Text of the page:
Importing from Belgium

Belgium Import Guide | Trade Finance Global

Importing from Belgium

The western European country of Belgium is divided into three regions (Brussels-capital region, Flanders, and Wallonia) and three primary language groups (Dutch, French, and German). 

Belgium is considered a small, open economy with over 11.5 million inhabitants and a GDP per capita of $44,500, as of 2020. 

Over half of all banking transactions in the country are international financial transactions, owing to the volume of international business done.

In 2019 the country sent out over $445 billion, primarily to Germany, France, the Netherlands, the UK, and the USA. 

Of this, four key sectors accounted for over 57% of total Belgian exports. 

These were; chemical products (26%), vehicles and transport equipment (12.7%), machinery and electrical equipment (10.6%), and base metals (8.2%). 

belgium exports by country

Belgian SMEs comprise a much larger proportion of the nation’s total trade volumes. 

Cumulatively, they account for nearly 70% of the country’s export value and more than 70% of its import value, compared to an average of around 40% and 50% respectively across all other Organisation for Economic Co-operation and Development (OECD) nations. 

Belgium Country Profile

Official Name (Local Language) Royaume de Belgique; Koninkrijk Belgie
Capital Brussels
Population 11,409,077
Currency Euro
GDP $470.2 billion
Languages Euro
Telephone Dial In 32

Belgium Exports Profile

Exports ($m USD)

429,98

Number of Export Products

4,466

Number of Export Partners

230

Top 5 export partners

Country

Trade

% Partner Share

Germany

71,403

16.61

France

64,007

14.89

Netherlands

51,629

12.01

United Kingdom

36,217

8.42

Italy

21,097

4.91

Top 5 Export Products at HS 6 digit level

Export Product

Number

Petroleum oils, etc, (excl. crude); preparation

7.7%

Other medicaments of mixed or unmixed products,

6.2%

Automobiles with diesel engine displacing more

5.9%

Diamonds non-industrial unworked or simply sawn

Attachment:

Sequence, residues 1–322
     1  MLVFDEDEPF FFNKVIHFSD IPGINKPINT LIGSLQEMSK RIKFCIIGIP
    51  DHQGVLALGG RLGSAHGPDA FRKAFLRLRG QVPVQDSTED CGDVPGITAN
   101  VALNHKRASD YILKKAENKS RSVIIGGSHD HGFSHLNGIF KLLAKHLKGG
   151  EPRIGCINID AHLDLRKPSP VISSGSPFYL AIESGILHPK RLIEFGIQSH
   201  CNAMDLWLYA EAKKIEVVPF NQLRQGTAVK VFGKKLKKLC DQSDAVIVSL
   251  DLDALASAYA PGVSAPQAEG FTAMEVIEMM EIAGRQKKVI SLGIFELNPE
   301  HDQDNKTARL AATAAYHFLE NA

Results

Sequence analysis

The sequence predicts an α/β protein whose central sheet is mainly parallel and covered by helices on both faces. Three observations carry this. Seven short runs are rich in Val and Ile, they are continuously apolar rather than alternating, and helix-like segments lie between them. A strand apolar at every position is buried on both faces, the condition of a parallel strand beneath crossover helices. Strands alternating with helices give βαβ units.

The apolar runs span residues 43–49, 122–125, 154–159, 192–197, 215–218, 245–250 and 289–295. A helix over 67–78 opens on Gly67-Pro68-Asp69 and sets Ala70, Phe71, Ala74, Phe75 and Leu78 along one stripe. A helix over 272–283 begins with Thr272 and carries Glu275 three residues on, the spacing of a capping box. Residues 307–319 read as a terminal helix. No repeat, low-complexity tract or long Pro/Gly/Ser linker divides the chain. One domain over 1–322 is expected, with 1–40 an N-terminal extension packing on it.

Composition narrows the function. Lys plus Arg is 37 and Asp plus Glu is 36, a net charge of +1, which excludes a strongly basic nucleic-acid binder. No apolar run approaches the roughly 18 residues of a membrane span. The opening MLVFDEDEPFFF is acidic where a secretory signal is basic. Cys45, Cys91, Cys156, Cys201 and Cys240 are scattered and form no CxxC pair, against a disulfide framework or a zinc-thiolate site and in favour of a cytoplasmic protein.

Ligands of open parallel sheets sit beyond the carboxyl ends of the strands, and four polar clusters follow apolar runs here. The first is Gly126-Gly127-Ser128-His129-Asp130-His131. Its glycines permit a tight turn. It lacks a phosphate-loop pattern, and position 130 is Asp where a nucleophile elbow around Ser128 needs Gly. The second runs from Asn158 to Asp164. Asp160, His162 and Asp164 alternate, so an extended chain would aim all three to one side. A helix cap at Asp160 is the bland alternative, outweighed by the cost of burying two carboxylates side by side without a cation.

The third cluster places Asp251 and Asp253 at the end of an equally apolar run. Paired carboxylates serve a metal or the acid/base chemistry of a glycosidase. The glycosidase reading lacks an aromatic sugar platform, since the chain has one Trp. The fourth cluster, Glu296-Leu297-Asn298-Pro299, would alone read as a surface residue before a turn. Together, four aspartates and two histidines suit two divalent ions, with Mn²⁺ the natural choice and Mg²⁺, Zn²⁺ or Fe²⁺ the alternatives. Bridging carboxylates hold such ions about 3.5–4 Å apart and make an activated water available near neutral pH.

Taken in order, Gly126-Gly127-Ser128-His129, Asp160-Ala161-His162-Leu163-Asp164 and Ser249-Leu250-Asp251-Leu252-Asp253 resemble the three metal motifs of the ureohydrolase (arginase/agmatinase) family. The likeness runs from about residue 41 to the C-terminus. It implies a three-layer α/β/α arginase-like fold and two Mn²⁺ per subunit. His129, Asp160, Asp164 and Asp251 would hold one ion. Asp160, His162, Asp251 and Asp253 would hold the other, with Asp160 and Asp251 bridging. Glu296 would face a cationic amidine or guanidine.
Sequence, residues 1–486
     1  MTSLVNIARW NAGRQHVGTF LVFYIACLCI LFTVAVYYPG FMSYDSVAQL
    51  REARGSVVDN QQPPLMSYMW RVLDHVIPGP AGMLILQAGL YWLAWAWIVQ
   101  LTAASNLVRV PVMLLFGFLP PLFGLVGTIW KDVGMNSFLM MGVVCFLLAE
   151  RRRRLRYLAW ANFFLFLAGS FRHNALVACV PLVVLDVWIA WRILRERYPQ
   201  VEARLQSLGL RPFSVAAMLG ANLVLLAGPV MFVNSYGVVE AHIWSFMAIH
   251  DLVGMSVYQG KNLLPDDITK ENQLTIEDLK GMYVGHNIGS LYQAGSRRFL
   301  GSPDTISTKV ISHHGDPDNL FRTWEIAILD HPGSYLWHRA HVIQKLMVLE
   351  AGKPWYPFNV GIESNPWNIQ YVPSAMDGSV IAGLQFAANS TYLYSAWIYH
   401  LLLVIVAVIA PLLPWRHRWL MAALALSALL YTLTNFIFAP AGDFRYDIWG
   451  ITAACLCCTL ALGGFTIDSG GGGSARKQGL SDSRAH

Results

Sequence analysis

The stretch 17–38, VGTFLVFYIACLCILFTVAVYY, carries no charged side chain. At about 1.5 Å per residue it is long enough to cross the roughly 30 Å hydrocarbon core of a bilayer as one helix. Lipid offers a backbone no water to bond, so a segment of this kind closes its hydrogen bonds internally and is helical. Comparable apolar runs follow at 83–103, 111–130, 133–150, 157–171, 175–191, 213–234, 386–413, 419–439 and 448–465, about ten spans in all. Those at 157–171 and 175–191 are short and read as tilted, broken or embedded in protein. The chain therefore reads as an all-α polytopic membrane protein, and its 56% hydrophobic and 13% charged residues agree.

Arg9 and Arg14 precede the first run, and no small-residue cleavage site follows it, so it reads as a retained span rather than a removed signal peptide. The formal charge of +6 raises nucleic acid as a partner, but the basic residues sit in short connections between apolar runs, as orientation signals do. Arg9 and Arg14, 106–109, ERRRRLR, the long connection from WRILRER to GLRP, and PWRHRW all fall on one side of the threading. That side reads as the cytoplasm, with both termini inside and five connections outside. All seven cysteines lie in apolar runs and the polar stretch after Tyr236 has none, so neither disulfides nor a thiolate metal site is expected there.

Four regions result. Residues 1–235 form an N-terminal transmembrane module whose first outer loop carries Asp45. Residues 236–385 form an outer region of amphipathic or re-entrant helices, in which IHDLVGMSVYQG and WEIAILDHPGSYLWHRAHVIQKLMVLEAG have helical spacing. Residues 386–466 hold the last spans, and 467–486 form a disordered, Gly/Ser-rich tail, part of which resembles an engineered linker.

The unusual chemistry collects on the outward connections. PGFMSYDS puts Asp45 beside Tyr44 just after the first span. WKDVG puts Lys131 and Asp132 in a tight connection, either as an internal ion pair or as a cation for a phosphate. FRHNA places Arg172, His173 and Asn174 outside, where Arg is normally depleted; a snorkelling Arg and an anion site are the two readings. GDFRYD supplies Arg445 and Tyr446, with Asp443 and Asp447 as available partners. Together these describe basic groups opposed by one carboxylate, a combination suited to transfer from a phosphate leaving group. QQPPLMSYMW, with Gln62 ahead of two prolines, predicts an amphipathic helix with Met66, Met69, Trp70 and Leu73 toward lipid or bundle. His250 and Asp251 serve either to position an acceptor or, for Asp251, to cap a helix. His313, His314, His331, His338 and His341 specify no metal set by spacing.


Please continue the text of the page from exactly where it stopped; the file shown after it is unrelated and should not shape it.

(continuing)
3.5%

Human and animal blood; microbial cultures; tox

3.3%

Chart Showing GDP Growth Compared to rest of world

GDP Composition for Belgium

Agriculture

%

Product List

0.6%

Sugar beets, fresh vegetables, fruits, grain, tobacco; beef, veal, pork, milk

Industry

%

Industry List

21.8%

Engineering and metal products, motor vehicle assembly, transportation equipment, scientific instruments, processed food and beverages, chemicals, pharmaceuticals, base metals, textiles, glass, petroleum

Services

%

Services List

77.6%

Importing from Belgium: what is trade finance?

Belgium is the thirteenth largest export economy. 

It exports over $380B and imports around $470B, so there is a relatively large negative trade balance.

When conducting business internationally, firms in Belgium have access to a wide and flexible range of loan products offered by the 106 domestic and foreign banks that service the country.

Furthermore, over half of all banking transactions in the country are international financial transactions, owing to the volume of international business done.

belgium exports by hs code

Information

Importing from Belgium? Contact our local experts

Belgium Economic Statistics

Government Website

https://www.belgium.be/en

Sovereign Ratings

https://countryeconomy.com/ratings/belgium

Central Bank

Nationale Bank van Belgie - Banque Nationale de Belgique

Currency USD Exchange Rate

0.9214

Unemployment Rate

8.4%

Population below poverty line

15.1%

Inflation Rate

1.6%

Prime Lending Rate

0.25%

GDP

$470.2 billion

GDP Pro Capita (PPP)

$44,900

Currency Name

Euro

Currency Code

EUR

World Bank Classification

High Income

Competitive Industrial Performance

17/138

Corruption Perceptions Index

16/180

Ease of Doing Business

45/190

Enabling Trade Index

10/136

Currency in Belgium

About the Author

Brian Canup is the Business Development Executive at Trade Finance Global (TFG).

Brian holds a BA in Political Science from the University of Wisconsin-Madison and an MA in International Political Economy at King’s College London.

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